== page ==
Thank you to our article sponsor...
The Miniot Collection
MAKES APPLE SHINE
Miniot adds a touch of elegance and a mantle of protection to an iPad or iPhone. Miniot BV, a tiny independent woodworking shop located in Schagen, Netherlands, fabricates a line of wooden cases, covers and stands for mobile Apple devices. Peter Kolkman, the principal designer and creative genius behind the Miniot collection, began carving wooden accessories for iPods in 2005. The following year, Miniot introduced the iWood nano, a hand-crafted case designed speciﬁcally for the iPod nano. The iWood nano was carved from a single piece of wood and came in a variety of wood types which included maple, mahogany, pear, wengé and walnut.
The iWood nano caught on with Apple aﬁcionados, and Miniot quickly became a highly respected consumer brand. In 2008, Kolkman, along with his partner, Greet van den Berg, founded Miniot BV. Today, the ﬁrm employs eight skilled artisans who design and manufacture the items in the collection and also handle other aspects of the business including sourcing, woodworking and engraving.
Miniot products are prized for their elegance, quality, intelligent design and functionality. “To ensure these characteristics, the Miniot production process is quite intensive”, says Ofﬁce Manager Els Remijnse. From start to ﬁnish it takes about two weeks to make a Miniot iWood 5 for an iPhone 5. “It takes this long because of the different handling steps in the production process, like the dry time of the varnish and the polishing, assemblage, and quality control procedures,” Remijnse says. “Without giving away any of our trade secrets, I can say that the production process is quite thorough and different for each product.”
Miniot uses wood species from around the world, including walnut, maple, mahogany, oak, padouk, wengé, cherry, lauro faya, zebrano (zebra wood) and teak. They also experiment with other woods such as beech, purpleheart, African blackwood and rosewood. The ﬁrm uses only the ﬁnest wood species available, sourced from well-managed forests that are FSC-certiﬁed.
“Hardwood is important for the creation of our products,” Kolkman notes. “Its characteristics are essential for us to make the designs in the way we do. This is very ﬁne woodworking and there are variable challenges that we encounter.”
“Next to the technical part, there is a strong motivation to choose wood types which are attractive and distinctive. We look at the grain, features, color, darkness and feeling of the wood to determine whether they are suitable to be used for our Miniot Collection,” he adds.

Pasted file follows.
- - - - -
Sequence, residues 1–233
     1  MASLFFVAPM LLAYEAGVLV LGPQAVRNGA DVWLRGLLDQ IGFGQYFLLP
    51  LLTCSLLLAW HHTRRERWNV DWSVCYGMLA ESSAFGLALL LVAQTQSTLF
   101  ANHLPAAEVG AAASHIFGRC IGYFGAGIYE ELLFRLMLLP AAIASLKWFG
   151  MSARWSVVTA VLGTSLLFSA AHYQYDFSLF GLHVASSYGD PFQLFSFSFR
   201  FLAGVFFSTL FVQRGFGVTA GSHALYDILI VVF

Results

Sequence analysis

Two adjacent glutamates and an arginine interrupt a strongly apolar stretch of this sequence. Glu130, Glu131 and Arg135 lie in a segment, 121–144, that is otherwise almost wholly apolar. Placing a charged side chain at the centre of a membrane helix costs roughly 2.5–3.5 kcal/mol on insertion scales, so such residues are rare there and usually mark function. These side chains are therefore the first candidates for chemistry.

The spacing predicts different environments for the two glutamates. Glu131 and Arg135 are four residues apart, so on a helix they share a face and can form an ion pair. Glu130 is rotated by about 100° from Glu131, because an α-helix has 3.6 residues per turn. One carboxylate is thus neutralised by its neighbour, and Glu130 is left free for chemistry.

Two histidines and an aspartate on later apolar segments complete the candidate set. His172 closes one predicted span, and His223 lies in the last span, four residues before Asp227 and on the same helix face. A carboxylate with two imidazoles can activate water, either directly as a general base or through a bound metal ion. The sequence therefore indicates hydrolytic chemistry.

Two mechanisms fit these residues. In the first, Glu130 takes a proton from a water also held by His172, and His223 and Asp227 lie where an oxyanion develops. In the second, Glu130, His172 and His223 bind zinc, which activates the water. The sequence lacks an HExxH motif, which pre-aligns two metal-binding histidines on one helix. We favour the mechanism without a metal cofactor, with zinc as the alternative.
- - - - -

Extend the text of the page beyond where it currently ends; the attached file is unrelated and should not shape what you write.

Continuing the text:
Working with many wood types requires skill, knowledge and above all, patience. “After working with all of the various wood types for a few years, we have become experienced with the differences, and are able to adapt our techniques as necessary,” says Kolkman. “For example, wengé is a strong wood type but splinters are also common. When there is a soft stripe adjacent to a more ﬁrm stripe, it makes it difﬁcult to polish these evenly.”
“But there is no best wood,” says Remijnse. “It even depends per piece of wood how it reacts to the varnish. That’s the challenge but also the fun of working with wood. We generalize the wood types internally but always have exceptions which are easier, difﬁcult or suddenly react differently to our handling because of different moisture conditions, or other light exposure.” Among consumers, walnut is a “loved wood,” according to members of the Miniot team. Walnut is very workable and Miniot’s artisans take pride in ensuring that the cases, covers and sleeves they create ﬁt on a device like a glove on a hand.
Every piece of wood is different, and so each item in the Miniot collection is unique. “Occasionally, a special piece of wood like walnut, has ﬁgures including strips, burls, mottles, crotches, curls and butts that add to its character and beauty and make the ﬁnished product even more unique to beautiful,” says Remijnse.
Maple is frequently paired with other woods to create a harmonious contrast. Its creamy white color, subdued grain and uniform texture makes it a perfect complement to dark, aggressive or ﬁgured woods. The Miniot Cobra for iPhone 5 features strips of maple fused into a base of wengé or padouk. Maple is paired with walnut or wengé to create a contrasting effect in the Miniot Book for iPhone 5. The base of the Miniot Contour for iPhone 5 is rimmed with inlays of contrasting wood: wengé/maple, walnut/ maple, or oak/smoked oak wood.
“As for the design, it is not something that you have to over think,” says Kolkman. “Just let the wood speak and pay attention to what it is telling you. A designer thinks ﬁrst about what looks good, what feels good and what works well with each piece of wood.”Kolkman’s creativity gives shape to these ideas as prototypes.
“Miniot products are made from the best gift of nature: wood,” says Remijnse. Each piece of raw material is carefully selected and carved with precision. Our strategy is to use genuine wood, the choicest and most interesting types of wood that exist on the planet. To transform these woods from a raw material into a ﬁne end product takes a lot of time, ingenuity, skillful workmanship and careful handling.”
Miniot strives to create items of great quality, low environmental impact and high customer satisfaction that will be treasured by the customers who buy them. “These are premium products, and yes, they are costly,” says Remijnse. “We plan to stick to this strategy because we know that our customers value and enjoy our products, appreciate our way of working and ﬁnd them worth the money.” IW
ELS REMIJNSE, THE MINIOT TEAM
email@example.com | www.miniot.com